GARY LEWIS ‘Record community’ (HAS, May 16) describes a record shop experience which is also my experience. I have to point out this is why I continued to visit the record shop in Southampton (amongst others); I was part of the circle there from when I lived with my parents.

In my 20s I lived in Hampshire, South Wales, Essex, and County Durham. I moved from Essex to County Durham in late 1992 for work, and six months later I visited a record fair in Gateshead Stadium.

One of the stallholders was the proprietor of a record shop in Ipswich I used to visit when I lived in Essex.

We greeted each other with the words “what are you doing here?”

It would be difficult to keep me away from places of record merchandising; even in the interlude in 2011 after I had chemotherapy for cancer and before I had surgery, I possibly unwisely visited record fairs in Middlesbrough and Carlisle.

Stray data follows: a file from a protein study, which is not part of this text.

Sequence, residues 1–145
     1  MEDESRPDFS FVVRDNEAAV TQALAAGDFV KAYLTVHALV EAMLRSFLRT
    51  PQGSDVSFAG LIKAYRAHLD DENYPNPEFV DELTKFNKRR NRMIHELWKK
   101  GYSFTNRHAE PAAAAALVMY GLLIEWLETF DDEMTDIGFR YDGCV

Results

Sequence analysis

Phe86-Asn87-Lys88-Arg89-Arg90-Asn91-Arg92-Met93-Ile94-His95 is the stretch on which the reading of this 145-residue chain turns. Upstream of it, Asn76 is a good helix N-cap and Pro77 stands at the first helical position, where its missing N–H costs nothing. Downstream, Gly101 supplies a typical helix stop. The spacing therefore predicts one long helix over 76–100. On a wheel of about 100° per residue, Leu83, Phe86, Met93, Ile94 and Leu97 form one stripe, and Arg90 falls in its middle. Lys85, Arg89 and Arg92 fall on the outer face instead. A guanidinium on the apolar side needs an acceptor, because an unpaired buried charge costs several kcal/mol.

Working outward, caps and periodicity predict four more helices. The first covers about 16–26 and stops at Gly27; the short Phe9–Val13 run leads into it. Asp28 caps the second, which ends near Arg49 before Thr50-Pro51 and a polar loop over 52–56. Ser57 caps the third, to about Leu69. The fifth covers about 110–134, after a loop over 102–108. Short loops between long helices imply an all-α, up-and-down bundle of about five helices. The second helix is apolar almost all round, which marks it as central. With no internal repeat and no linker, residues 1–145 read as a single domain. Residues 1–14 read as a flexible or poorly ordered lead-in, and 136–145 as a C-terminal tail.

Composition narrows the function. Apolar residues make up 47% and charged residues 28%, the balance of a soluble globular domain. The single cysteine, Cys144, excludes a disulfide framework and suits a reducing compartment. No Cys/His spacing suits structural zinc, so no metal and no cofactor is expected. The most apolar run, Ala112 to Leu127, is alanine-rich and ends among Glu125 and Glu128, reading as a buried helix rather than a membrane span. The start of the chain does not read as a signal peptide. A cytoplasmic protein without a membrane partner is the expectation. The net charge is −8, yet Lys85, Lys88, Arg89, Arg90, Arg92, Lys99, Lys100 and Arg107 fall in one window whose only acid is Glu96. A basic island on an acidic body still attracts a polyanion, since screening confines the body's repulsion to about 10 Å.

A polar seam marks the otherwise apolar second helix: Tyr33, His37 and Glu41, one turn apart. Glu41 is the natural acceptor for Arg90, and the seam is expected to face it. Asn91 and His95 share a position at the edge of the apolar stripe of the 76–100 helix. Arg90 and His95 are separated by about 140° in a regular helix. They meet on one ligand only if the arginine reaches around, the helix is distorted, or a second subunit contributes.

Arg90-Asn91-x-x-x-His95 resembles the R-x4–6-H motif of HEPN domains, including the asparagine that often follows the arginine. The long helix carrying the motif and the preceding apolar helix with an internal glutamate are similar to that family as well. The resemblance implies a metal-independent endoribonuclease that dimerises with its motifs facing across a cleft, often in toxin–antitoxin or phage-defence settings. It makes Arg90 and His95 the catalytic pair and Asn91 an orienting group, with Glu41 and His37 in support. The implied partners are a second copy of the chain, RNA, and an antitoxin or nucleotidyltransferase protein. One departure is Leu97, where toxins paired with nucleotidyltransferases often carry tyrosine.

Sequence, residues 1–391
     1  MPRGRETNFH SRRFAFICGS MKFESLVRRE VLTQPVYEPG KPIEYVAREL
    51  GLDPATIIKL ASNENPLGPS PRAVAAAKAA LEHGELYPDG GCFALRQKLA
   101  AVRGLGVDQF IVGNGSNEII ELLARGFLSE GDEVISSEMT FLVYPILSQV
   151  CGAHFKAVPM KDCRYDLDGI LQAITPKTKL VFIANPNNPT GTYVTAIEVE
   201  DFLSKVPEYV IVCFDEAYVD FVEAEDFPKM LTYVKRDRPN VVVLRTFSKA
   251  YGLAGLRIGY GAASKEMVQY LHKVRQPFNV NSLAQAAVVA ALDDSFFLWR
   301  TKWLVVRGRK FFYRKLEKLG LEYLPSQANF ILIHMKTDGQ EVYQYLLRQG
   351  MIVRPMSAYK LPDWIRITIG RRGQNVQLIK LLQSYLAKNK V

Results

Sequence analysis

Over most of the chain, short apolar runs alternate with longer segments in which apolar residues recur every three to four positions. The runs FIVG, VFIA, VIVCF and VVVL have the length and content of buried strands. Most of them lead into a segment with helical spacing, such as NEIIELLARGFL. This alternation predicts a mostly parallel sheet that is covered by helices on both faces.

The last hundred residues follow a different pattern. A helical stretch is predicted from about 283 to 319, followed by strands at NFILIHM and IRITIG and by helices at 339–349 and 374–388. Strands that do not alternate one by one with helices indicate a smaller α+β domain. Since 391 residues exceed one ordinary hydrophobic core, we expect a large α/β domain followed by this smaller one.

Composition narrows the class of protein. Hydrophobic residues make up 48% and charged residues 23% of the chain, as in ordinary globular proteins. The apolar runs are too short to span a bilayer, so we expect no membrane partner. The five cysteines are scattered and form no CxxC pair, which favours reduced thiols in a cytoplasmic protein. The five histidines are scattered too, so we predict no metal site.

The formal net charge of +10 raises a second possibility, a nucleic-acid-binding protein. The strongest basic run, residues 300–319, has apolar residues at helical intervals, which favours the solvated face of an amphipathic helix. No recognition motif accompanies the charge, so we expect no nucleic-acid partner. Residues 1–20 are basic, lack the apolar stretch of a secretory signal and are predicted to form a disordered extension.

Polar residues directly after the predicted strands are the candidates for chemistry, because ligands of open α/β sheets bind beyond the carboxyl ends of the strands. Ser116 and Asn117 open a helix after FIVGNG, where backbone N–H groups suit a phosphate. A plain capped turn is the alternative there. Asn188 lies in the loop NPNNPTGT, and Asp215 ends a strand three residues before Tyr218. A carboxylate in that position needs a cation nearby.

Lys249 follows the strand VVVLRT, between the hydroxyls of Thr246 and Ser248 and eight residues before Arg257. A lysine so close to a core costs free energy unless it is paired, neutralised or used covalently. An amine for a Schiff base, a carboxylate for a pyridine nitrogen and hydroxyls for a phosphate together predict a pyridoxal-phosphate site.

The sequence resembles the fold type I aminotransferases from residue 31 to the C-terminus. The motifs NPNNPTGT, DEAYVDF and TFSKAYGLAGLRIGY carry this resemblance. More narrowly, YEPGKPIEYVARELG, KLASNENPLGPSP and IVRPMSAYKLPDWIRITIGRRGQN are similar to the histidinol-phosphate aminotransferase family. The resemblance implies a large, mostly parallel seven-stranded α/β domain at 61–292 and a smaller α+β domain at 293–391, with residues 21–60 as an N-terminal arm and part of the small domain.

When I visited Merthyr Tydfil in 1996, I also visited Pontypridd and Cardiff. The proprietor of a record shop in Pontypridd was the only person I saw who I knew.

A visitor from Iceland from when I lived in Essex got me into Icelandic music, which is definitely an acquired taste.

I play this music to scare people off from visiting me during the lockdown. One of these Icelandic bands is called Múm; how ironic is that?

I bought some Welsh language records which I don’t understand at all at a record fair in Glasgow; I don’t do contemporary.

Glasgow is a great city, and part of the day out is visiting these places. Friends from Essex and Great Lumley have had short breaks in Glasgow. In both cases I informed them of the fish and chip shop which sells deep fried Mars bars, although I have not tried one myself.

Jeremy Whiting, Great Lumley.